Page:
By Dan De Luce, Abigail Williams and Carol E. Lee
WASHINGTON — Trump administration officials are asking India to lift restrictions to give the U.S. access to pharmaceutical ingredients needed to produce a range of drugs, amid fears of a potential U.S. drug supply shortage prompted by the coronavirus outbreak, three sources familiar with the matter told NBC News.
The two governments are holding discussions aimed at easing newly imposed restrictions on pharmaceutical exports from India, which Delhi introduced to ensure the country would have medicine needed to handle the pandemic inside of its borders, the sources said.
With coronavirus potentially disrupting the global supply chain for medicine, India earlier this month restricted the export of 26 pharmaceutical ingredients and the medicines made from them, including acetaminophen — a common pain reliever. India is the world’s leading supplier of generic drugs and is a key source for active pharmaceutical ingredients, or APIs, used to produce a range of medicines.
Apart from legal constraints on exports, India is on a 21-day lockdown to prevent the spread of COVID-19 and that has hampered production and shipping of pharmaceuticals and other cargo. As a result, Trump administration officials also are trying to hammer out what drugs are available in Indian companies’ stockpiles, said a congressional aide who was briefed on the discussions.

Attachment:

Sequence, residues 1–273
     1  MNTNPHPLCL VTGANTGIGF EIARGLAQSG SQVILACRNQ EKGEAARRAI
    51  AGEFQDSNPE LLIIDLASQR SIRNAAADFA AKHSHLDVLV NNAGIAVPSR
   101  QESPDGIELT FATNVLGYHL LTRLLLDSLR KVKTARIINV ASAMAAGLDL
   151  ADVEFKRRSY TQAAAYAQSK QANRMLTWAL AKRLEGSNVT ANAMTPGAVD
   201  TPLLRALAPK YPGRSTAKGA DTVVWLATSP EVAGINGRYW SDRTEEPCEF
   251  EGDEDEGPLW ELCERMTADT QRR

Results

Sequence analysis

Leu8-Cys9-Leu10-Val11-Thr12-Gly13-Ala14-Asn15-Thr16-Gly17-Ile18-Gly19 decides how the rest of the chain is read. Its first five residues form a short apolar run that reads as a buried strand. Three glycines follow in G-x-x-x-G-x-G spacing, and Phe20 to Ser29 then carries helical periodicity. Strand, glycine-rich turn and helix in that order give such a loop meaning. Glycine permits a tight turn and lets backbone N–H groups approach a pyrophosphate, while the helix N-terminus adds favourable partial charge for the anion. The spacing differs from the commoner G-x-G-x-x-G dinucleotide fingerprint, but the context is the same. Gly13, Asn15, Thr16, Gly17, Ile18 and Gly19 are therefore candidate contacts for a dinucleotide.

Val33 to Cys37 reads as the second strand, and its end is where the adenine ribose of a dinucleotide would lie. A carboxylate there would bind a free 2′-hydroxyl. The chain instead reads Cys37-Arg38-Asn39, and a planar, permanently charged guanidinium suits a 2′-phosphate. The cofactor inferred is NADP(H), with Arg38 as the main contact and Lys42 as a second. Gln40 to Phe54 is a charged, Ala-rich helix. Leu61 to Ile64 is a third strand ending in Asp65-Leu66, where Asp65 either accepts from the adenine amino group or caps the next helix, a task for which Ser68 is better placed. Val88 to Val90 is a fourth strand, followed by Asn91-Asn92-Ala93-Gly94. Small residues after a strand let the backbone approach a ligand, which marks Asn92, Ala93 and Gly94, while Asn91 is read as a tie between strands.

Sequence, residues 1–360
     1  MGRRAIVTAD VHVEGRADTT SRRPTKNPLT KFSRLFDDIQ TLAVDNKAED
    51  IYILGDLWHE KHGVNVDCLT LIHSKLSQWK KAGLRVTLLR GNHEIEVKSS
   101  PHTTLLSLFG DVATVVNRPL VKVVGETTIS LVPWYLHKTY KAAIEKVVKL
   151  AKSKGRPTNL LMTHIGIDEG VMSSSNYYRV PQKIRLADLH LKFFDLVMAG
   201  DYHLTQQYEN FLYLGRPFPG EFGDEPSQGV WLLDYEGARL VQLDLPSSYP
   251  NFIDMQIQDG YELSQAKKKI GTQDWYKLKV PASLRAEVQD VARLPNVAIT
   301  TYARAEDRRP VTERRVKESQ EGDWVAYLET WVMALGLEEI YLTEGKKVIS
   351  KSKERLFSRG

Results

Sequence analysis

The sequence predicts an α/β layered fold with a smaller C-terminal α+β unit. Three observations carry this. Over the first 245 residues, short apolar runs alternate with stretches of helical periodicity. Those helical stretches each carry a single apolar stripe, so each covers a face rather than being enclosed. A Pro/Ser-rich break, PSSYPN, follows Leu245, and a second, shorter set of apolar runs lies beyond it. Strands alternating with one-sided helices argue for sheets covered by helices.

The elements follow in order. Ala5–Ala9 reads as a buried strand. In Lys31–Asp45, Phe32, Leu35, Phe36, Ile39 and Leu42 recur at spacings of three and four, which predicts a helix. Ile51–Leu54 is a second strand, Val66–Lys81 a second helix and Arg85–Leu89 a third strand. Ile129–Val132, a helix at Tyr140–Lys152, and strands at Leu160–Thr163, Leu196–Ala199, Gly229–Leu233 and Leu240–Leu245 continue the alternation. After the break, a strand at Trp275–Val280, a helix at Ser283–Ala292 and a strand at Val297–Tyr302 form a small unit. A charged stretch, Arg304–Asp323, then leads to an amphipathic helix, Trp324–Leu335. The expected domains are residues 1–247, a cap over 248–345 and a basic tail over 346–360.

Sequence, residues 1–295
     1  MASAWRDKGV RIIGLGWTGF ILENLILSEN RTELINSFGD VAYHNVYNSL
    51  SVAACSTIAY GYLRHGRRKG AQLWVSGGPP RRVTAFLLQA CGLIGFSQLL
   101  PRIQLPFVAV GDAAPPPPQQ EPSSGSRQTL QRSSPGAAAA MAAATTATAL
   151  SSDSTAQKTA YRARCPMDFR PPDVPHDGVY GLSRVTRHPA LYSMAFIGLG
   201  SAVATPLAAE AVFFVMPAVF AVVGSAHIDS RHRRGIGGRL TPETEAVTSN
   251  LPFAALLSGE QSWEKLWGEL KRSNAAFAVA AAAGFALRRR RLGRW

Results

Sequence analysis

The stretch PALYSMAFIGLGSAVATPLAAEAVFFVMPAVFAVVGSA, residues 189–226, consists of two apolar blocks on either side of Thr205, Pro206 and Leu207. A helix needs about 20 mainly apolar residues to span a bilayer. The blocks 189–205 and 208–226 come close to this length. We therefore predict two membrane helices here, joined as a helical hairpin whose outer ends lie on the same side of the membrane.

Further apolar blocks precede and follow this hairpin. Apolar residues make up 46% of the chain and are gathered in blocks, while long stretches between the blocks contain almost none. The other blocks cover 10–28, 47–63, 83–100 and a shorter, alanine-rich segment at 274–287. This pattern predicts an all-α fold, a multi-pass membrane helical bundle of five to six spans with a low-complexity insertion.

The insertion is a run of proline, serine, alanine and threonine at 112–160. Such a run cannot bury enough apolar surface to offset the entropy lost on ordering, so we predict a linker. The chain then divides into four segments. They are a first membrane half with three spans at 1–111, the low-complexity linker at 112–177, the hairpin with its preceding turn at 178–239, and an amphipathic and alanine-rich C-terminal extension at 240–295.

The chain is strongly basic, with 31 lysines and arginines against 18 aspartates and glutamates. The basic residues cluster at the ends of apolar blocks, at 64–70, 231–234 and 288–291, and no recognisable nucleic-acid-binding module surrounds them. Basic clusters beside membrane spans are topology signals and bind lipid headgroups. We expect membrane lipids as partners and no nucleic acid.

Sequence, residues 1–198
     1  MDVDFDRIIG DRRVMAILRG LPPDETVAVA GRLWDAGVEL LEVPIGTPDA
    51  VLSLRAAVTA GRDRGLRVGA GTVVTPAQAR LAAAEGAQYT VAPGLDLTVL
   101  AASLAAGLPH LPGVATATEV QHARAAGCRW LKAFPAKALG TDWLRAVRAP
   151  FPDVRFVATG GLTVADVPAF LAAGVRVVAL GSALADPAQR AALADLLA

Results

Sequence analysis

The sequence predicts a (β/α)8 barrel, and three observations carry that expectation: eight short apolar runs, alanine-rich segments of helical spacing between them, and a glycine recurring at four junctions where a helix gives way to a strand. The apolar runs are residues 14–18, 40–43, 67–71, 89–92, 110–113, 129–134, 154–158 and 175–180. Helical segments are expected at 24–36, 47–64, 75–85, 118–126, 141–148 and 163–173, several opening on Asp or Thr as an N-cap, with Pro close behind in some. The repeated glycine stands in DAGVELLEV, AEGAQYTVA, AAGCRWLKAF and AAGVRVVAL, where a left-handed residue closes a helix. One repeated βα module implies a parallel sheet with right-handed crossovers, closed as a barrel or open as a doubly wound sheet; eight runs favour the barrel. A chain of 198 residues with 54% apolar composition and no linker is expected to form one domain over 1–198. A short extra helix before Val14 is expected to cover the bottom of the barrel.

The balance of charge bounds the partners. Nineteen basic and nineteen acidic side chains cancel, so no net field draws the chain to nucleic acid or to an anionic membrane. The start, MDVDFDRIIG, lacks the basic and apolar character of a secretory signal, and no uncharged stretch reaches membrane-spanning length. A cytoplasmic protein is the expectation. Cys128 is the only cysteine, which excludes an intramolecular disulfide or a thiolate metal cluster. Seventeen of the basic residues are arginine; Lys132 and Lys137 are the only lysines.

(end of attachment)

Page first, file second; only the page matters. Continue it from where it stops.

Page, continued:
“What do they have available for purchase? This is something the administration is trying to work through with the Indians,” the aide, who was not authorized to speak on the record, told NBC News.
Asked about the U.S. request to India, a State Department spokesperson said, “We are collaborating to try to ensure that critical manufacturing and supply chains for pharmaceuticals, healthcare technology, and personal protective equipment remain open even as large portions of our countries are shut down to reduce the risk of transmission.“
India’s embassy in Washington did not respond to a request for comment.
Health industry analysts say limits on exports from India could cause shortages of vital drugs in the U.S. as hospitals brace for an influx of coronavirus patients. American health workers say they are particularly concerned about a possible shortage of anti-malarial drugs, albuterol or inhalers, and sedatives like fentanyl used for patients on ventilators.
Starting in the 1990s, U.S. companies have increasingly relied on imports of pharmaceutical products from India and China, because of cheaper manufacturing costs and less stringent regulations.
The coronavirus forced some Chinese drug factories to close, but production has since resumed. The closures affected India’s generic drug industry, which relies heavily on raw ingredients from China for antibiotics and other medicine.